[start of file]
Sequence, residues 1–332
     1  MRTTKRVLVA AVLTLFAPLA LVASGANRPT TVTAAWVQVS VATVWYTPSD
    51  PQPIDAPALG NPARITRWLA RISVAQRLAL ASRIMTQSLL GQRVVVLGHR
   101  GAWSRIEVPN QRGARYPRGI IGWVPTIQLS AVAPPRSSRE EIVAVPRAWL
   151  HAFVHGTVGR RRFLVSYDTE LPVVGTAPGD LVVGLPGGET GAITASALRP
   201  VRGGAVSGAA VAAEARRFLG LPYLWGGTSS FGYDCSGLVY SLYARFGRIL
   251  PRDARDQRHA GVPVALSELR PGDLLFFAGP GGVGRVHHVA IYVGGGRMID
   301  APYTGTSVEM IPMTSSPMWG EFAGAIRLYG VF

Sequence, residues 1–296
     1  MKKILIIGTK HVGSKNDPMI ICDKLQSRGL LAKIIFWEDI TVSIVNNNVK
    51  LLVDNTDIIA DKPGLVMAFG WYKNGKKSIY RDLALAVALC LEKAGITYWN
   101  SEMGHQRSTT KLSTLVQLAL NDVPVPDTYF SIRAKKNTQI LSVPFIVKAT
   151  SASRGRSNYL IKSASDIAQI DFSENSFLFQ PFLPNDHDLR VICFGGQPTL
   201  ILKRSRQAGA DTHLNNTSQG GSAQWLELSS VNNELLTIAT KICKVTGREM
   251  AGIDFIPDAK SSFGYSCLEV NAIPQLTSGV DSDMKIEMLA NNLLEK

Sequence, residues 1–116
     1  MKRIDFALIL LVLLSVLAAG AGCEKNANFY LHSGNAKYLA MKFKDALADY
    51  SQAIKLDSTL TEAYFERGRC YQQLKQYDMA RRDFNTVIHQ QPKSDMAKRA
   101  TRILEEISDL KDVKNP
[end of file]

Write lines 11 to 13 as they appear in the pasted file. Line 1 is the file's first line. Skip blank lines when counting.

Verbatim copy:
    51  LLVDNTDIIA DKPGLVMAFG WYKNGKKSIY RDLALAVALC LEKAGITYWN
   101  SEMGHQRSTT KLSTLVQLAL NDVPVPDTYF SIRAKKNTQI LSVPFIVKAT
   151  SASRGRSNYL IKSASDIAQI DFSENSFLFQ PFLPNDHDLR VICFGGQPTL